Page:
Date of Award
Master of Public Health (MPH)
Michael Eriksen Sc.D.
Francess McCarty, Ph.D.
In this study we used the data from Afghanistan Health Survey 2006. For this study, 8278 households were randomly selected in which 8281 women aged 10-49 years were interviewed by survey teams using a structured questionnaire. The information was also collected for all children aged 5 years or less from all these households. The sample includes 7843 (13.8%) children under the age of 5 years old. Literacy of mothers (ability to read), age of mother at marriage, number of children, exposure to mass media (listening to radio or watching TV) were the independent variables and BCG vaccination, initiation of breastfeeding (within first hour of life or after first hour); and use of bed net (to protect a child from Malaria) were dependent variables. Chi square and Odd Ratio test was used to test significance of the associations. Logistic Regression test was used to control for the confounders. In this study we found that those listening to radio at least once a week were more likely to start breastfeeding during the first hour of life. Those watching TV at least once a week were more likely to vaccinate their children for BCG. These associations were significant after controlling for confounders (economic status of the family and distance to health facility). The fact that why the other independent variables did not have association with BCG vaccination, initiation of breastfeeding and use of bed net can be either due to limitation of the study or there are other reasons that require further investigations.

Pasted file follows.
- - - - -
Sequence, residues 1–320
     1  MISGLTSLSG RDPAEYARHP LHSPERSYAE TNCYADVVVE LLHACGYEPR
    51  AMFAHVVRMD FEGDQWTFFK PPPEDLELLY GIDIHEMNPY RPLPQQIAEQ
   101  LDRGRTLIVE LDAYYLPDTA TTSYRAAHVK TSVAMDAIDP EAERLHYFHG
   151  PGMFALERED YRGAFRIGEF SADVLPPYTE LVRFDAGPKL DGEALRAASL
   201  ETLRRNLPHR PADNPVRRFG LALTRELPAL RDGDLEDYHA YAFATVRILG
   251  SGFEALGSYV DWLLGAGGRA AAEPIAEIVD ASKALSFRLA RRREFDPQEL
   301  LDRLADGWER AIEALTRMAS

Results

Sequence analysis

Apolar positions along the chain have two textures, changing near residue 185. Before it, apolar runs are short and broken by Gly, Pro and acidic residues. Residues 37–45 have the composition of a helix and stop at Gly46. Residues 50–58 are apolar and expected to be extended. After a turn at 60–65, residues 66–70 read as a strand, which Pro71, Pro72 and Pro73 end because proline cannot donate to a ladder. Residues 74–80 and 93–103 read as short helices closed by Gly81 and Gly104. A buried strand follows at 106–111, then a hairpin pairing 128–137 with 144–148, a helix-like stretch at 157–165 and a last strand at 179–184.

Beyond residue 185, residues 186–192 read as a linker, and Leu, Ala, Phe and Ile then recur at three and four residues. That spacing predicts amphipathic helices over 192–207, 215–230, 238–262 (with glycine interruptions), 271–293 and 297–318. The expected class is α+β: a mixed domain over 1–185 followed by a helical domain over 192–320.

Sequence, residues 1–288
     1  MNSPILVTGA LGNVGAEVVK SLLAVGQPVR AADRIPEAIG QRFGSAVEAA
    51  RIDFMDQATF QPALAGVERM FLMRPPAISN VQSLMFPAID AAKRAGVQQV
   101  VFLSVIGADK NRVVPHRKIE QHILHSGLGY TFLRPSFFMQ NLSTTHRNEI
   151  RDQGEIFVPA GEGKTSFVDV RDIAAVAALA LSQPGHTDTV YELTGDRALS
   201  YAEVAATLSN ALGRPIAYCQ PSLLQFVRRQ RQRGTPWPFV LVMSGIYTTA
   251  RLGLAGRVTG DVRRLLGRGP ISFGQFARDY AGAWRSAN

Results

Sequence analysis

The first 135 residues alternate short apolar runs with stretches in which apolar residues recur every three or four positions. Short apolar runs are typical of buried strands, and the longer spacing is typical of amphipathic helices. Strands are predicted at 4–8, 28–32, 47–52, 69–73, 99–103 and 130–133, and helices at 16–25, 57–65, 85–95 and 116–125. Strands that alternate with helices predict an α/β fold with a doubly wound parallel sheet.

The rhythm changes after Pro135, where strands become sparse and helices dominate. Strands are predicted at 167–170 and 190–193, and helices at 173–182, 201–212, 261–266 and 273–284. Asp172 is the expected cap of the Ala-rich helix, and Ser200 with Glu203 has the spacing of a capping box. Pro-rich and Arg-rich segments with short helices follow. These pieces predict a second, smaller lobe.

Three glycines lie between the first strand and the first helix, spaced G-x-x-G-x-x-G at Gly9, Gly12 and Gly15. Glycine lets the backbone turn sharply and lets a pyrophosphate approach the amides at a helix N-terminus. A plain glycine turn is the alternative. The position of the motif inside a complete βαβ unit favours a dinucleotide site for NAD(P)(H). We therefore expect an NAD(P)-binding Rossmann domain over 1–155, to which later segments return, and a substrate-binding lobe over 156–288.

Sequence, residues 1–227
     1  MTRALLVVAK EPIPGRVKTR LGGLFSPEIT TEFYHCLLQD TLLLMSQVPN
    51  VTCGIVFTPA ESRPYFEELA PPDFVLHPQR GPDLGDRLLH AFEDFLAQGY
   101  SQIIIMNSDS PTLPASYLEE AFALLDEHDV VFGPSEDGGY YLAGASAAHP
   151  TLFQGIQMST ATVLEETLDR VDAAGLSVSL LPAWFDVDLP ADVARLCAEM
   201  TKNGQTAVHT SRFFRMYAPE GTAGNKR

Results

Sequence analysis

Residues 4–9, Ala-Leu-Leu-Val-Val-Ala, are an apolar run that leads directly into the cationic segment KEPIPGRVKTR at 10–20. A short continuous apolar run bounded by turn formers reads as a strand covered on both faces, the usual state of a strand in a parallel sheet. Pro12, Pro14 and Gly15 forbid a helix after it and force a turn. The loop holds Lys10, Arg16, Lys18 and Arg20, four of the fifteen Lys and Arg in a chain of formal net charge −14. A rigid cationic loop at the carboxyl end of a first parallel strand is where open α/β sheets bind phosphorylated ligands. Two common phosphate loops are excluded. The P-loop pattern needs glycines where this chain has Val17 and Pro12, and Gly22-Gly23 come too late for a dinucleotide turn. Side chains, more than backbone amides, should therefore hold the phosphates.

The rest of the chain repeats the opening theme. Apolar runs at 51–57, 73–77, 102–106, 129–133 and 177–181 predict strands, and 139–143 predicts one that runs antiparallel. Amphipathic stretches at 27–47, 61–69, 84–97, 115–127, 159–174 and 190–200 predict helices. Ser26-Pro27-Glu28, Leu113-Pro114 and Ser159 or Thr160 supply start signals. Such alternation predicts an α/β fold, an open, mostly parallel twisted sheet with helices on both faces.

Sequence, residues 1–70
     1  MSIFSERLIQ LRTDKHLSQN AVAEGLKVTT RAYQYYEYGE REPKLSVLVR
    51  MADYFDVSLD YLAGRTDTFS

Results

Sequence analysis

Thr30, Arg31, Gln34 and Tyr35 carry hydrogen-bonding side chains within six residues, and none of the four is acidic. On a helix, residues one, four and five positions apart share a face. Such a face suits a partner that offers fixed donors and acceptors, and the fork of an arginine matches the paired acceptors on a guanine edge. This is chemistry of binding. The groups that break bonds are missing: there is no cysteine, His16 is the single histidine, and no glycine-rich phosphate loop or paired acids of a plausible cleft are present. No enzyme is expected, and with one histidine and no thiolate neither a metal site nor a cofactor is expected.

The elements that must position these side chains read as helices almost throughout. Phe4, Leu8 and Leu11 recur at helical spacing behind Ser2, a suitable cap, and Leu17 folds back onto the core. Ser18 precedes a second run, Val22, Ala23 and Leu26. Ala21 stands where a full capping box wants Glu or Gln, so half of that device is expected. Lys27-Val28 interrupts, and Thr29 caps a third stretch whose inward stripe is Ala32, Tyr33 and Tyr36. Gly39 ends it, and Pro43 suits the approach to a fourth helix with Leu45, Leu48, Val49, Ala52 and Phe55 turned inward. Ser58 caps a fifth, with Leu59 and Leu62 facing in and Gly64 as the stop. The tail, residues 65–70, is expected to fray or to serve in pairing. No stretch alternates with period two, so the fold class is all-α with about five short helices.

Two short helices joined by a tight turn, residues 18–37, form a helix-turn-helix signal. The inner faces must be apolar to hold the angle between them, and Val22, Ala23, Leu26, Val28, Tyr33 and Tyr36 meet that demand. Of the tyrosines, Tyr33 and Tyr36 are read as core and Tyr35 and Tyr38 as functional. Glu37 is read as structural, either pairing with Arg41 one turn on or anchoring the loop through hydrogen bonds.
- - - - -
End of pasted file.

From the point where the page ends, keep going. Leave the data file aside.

Maroof, Zakia, "An Exploratory Examination of Afghan Women Socio Economic Status (SES) and Child Health Indicator." Thesis, Georgia State University, 2010.